To stay the same or to change things up? COVID-19 has sometimes left early childhood services little choice but to change rapidly, in order to stay open throughout the pandemic as an ‘essential service’.


With the ever-evolving situation of the COVID-19 pandemic, early childhood education services have had to continually adapt to offer a safe environment for children, parents and educators. This has sometimes required implementing new, untested measures, with unknown impact on children, educators and parents.  

Although the pandemic is far from over, with COVID-19 measures in place for up to two years now, enough time has now elapsed to begin to understand the impact of such drastic changes.

UNE School of Education’s Dr Jo Bird has teamed up with two educators to do just this.

Closing the door

The team has been specifically looking at the impact of a new ‘closed door policy’ for early education service Yarm Gwanga, located at UNE.

In order to help keep the Yarm community safe, the service suddenly closed its doors to parents – a big change for a service that usually actively involves parents in the children’s days and routines as much as possible.   

The research team, consisting of Dr Jo bird, Yarm Gwanga’s Director, Galia Urquhart, and Educational Leader Tammy Paterson-O’Kane, has reviewed survey results from both parents and educators about the policy, to ascertain its impacts on all members of the community. The results could influence the long-term practices of the centre, post-pandemic.

The ‘closed door policy’ involves dropping children only as far as the front door, where the child says goodbye to their parent or carer, and is collected and walked into the centre by one of the centre’s staff members.

Previously, parents and carers could enter the centre with their children, help settle them, and stay to watch and be involved as long as they liked or felt they were needed by their child.

“Our previous practices included new families spending large amounts of time at the service prior to their child/ren commencing at the service providing the time for families to interact with staff, the environment and becoming familiar with the policies and practices of the service,” Ms Urquhart says. 

“Permanent families would spend time in their child’s room discussing their child’s needs and interests with the educators as well as the program and routine of their child’s room. Families would be able to observe their child’s room – the environment, activities, resources, program – and be able to share this with their child.” 

The new policy was implemented for health and safety reasons, restricting human traffic through the centre and between rooms to prevent contamination and spread of COVID-19 infections.

Survey results show that while parents have been supportive of the procedures for health reasons, the policy has introduced some difficulties and anxieties for them. On the other hand, the impact on children has been surprising. 

“The thing that surprised us was how the children took the new procedure so positively and it was the parents who found things challenging. We expected to find that more parents said their children had difficulty being handed over at the door, but they didn’t,” says Dr Jo Bird.

Dr Bird says the usual procedures of parents and carers being involved in the settling in process is based on available research, but the impacts of a ‘closed door policy’ have not been researched, until now.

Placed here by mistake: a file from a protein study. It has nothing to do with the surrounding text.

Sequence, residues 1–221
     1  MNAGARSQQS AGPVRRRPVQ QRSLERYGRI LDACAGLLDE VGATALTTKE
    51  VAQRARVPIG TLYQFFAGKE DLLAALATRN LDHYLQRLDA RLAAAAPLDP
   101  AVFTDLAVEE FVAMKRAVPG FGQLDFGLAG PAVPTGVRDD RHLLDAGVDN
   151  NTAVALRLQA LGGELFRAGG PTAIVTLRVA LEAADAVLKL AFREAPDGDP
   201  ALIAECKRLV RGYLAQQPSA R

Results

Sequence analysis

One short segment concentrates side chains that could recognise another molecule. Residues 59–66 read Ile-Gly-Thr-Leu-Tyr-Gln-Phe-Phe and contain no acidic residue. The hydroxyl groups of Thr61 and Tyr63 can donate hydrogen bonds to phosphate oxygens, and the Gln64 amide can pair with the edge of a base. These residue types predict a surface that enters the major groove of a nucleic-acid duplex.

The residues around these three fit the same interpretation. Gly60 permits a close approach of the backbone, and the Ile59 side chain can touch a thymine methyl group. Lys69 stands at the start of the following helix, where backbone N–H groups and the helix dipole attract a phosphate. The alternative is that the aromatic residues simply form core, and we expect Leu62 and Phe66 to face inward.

Surprising advantages 

“We have found children have embraced the new procedure,” Dr Bird says.

“Educators have reported children have less separation issues, are happier at drop off, and are taking ownership of entering the centre.

“The closed door policy has flipped the power when arriving at Yarm Gwanga. Previously, parents held the power and settled the child into the room before deciding when to leave. Now, children have the power and decide when to leave the parents at the door before heading off to their room. For young children their lives are often controlled by adults but having agency and the confidence to leave their parents is improving the drop off experience for them.”

Ms Urquhart says another advantage has been improved safety and security.

“From a practical perspective a crucial advantage is knowing exactly which adults are in the centre at any one time which has made the ability to supervise the safety and security of the service – children, staff, personal information and belongings – easier to manage,” she says.  

Overcoming the challenges 

The survey has also highlighted some areas that require further reflection and development.

“We found that, because parents could no longer see their child in their care setting, they have felt the loss of connection to the centre and their child’s day. They have struggled with having limited access to the educators looking after their children, loss of responsibility for settling their children, and limited understanding of what was happening for their child during their day,” Dr Bird says.

But the researchers feel these issues can be overcome.

“We are looking at ways we can build up this connection with parents and carers, with things like more frequent communication and photos,” Dr Bird says.

“COVID-19 may be around for the foreseeable future, but we know that the children of Yarm are not being negatively affected by the closed door procedure and are actually strengthening their resilience and new found power in this process.”

Dr Bird says the findings could be useful for other child care centres considering implementing a similar procedure.

“This procedure has been a good way to limit the number of people coming in and out of the centre while also building the children’s sense of independence and confidence. But staff need to be aware that families will need other ways to learn about their child’s day, to chat to educators and feel connected to the centre.”